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A person diagnosed with uveitis is suffering from an inflammation of the uveal tract. The uveal tract consists of the iris, ciliary body and the choroid. All of these parts of the uveal tract play an important role. Iris is responsible for the regulation of the light that enters the eye. Support of the lens and the production of aqueous humor are performed by the ciliary body. The choroid is known to provide oxygen and nourishment for the retina.

Inflammation of the eye

It is important to know that the experts have come up with a classification scheme for uveitis based upon anatomic location. Four main types of uveitis are anterior uveitis, intermediate uveitis, posterior uveitis and panuveitis. In case of anterior uveitis, the primary site of inflammation is anterior chamber and it includes iritis, iridocylitis and anterior cyclitis. Vitreous is the main site of inflammation in case of intermediate uveitis and it includes pars planitis, posterior cyclitis and hyalitis. When posterior uveitis is considered, the primary site of inflammation is the choroid and it includes focal, multifocal or diffuse choroiditis, chorioretinitis, retinochoroiditis, retinitis and neuroretinitis. The primary sites of inflammation in case of panuveitis are anterior chamber, vitreous and choroid. According to the doctors, anterior uveitis is most likely to need be in need of an emergency department. In cases when the inflammation does not go further than the iris, the medical term for the condition is iritis. In cases when the ciliary body is also involved, the condition is known as iridocyclitis. In order for the uveitis to be described better, the experts also refer to the onset, which can be sudden or insidious, duration, course and laterality. The duration of uveitis ranges from limited, which does not last for more than three months, to persistent, which lasts longer than three months. In case of course, the condition is known to be acute, recurrent or chronic. When laterality is considered, uveitis can be either unilateral or bilateral.

Treatment options for uveitis

The data in the United States claims that this condition is not that common and there are no more than 12 patients diagnosed with uveitis out of 100,000 people. The incidence is the biggest in Finland, where there are 23 cases of uveitis per 100,000 every year. The experts believe that that is the case because of the high frequency of a certain gene in people in Finland. Treatment options are not the same for every patient and they depend on various factors like the history and the signs and symptoms of the condition. There are some cases where laboratory studies are not needed. These situations are when the condition is mild, unilateral nongranulomatous uveitis caused by trauma, a certain known systemic disease or in cases where neither history nor a physical examination do not point to a certain systemic disease. In cases where laboratory workup is needed, some of the most commonly ordered tests are CBC, rapid plasma reagin, purified protein derivate, lyme titer and HLA-B27. In some cases the doctor may order a chest radiograph in order to find out whether tuberculosis or sarcoidosis are the underlying causes of the condition. In case of infectious uveitis it is important to discover the underlying cause in order to properly treat the condition. For instance, if uveitis is caused by herpes simplex virus, the doctor will focus on treating that condition and that will lead to relieving of inflammation in the eyes. If uveitis is non-infectious, corticosteroids are used most often. Corticosteroids work by disrupting the natural functioning of the immune system which releases certain chemicals that lead to the inflammation. The dose ranges depending on the severity of the condition. There are a lot of available forms of corticosteroids a person can use. The most commonly used are corticosteroid eye drops and corticosteroid injections and oral corticosteroids. Oral corticosteroids are the strongest are known to cause a lot of side effects, unlike corticosteroid injections. These side effects vary depending whether a person uses them on a short-term basis or on a long-term one. Some of the most commonly seen side effects are an increased appetite, weight gain, insomnia, fluid retention, mood changes, osteoporosis, high blood pressure, type 2 diabetes, thinning of the skin and cataracts, among others. There are some cases when none of these treatments seem to work and then immunosuppressants are used. However, they can also lead to certain side effects, some of which are severe like hair loss, skin rash, headaches, nausea, skin rash and high blood pressure.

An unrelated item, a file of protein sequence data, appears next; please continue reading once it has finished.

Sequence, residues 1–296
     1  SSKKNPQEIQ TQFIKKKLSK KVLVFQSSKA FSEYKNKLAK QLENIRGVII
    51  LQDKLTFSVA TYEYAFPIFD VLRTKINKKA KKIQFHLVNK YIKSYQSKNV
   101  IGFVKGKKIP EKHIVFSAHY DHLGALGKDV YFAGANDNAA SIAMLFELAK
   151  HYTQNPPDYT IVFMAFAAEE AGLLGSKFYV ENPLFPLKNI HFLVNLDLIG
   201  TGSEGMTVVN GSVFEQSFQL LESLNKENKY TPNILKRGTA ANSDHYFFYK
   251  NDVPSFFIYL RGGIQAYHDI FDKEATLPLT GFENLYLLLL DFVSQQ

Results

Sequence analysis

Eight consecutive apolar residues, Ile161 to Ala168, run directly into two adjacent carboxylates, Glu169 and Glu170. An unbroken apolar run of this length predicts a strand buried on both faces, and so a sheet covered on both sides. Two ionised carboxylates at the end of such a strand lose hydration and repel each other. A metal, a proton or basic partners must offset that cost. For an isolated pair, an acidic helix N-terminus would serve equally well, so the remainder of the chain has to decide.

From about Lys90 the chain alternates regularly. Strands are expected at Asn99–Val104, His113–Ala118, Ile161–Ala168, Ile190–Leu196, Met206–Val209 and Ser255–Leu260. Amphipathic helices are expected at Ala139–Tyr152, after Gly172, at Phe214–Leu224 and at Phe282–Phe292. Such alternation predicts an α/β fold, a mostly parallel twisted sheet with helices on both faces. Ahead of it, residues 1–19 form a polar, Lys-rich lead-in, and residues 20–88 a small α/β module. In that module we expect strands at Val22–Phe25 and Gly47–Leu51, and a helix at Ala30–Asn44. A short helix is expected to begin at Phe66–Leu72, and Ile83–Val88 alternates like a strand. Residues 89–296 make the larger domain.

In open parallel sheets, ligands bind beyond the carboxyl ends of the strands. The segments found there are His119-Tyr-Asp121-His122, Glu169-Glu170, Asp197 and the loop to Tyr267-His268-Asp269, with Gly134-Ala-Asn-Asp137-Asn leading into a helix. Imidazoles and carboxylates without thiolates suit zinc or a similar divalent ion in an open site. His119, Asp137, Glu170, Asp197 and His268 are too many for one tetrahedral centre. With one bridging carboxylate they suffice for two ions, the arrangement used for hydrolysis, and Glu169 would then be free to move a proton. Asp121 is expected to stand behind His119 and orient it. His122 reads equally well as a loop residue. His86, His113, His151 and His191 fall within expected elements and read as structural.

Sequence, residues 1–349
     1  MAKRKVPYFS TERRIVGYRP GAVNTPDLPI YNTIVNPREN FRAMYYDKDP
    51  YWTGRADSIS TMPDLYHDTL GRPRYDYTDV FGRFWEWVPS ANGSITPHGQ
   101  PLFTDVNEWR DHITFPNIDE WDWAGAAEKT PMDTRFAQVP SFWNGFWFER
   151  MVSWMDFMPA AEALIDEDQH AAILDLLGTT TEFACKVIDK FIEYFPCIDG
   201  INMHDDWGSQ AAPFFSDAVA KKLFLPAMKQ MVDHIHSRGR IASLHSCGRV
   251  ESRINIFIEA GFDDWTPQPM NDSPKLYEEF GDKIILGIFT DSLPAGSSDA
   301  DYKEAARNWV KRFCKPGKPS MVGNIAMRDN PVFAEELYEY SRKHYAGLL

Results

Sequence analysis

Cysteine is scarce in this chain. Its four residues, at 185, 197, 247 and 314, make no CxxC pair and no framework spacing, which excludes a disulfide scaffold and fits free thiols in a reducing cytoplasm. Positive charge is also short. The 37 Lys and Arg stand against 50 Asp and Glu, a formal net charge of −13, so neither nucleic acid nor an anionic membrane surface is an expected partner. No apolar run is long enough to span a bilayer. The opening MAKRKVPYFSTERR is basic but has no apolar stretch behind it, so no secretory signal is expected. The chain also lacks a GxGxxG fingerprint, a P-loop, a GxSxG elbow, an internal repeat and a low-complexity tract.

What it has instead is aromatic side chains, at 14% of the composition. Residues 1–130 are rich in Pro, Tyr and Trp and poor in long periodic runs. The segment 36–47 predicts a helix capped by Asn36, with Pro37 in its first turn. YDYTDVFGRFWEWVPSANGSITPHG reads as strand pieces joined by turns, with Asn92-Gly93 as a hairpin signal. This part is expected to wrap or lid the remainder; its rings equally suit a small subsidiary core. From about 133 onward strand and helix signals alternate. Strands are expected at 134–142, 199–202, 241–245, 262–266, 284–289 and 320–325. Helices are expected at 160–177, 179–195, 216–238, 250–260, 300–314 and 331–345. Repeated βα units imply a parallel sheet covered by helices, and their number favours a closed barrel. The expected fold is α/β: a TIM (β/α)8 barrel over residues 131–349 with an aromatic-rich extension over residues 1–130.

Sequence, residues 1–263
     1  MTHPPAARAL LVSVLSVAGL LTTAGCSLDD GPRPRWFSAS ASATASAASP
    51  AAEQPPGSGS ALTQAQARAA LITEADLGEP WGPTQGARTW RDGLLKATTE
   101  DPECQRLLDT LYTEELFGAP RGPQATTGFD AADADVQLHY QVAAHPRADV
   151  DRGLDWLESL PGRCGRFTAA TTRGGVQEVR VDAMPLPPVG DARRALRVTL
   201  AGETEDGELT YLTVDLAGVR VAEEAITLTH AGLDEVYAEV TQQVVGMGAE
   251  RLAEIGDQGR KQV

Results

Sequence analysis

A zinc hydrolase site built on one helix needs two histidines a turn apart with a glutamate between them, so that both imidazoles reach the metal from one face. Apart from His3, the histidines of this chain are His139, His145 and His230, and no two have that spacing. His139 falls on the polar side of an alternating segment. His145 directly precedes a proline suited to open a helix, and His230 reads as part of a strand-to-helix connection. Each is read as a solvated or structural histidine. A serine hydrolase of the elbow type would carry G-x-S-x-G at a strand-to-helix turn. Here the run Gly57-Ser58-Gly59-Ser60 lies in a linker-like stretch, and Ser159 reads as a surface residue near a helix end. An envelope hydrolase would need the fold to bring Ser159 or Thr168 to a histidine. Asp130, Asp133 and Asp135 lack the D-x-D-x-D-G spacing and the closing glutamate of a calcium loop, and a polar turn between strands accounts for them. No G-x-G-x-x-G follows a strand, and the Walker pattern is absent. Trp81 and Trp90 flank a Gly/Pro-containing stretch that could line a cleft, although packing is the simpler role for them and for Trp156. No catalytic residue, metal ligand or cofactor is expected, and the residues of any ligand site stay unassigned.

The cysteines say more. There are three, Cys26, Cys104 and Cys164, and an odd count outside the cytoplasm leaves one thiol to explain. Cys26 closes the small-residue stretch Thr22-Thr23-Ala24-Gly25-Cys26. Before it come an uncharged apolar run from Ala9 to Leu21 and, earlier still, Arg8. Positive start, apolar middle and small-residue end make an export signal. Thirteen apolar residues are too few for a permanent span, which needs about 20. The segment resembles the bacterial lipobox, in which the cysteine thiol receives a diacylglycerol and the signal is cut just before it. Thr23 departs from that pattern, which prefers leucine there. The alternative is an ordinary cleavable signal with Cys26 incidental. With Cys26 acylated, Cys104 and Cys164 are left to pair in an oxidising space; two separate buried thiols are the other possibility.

Medication for uveitis

According to the experts, the main goal of use of medications is to reduce inflammation and pain caused by uveitis. Cycloplegics and corticosteroids are mainly used for this. Corticosteroid eye drops have been in use as a treatment option for this condition since the 1950s. Cyclopentolale 0.5-2% and Homatropine are the two most commonly used cycloplegics. When topical steroids are considered, the doctors mainly prescribe Prednisolone 1%.

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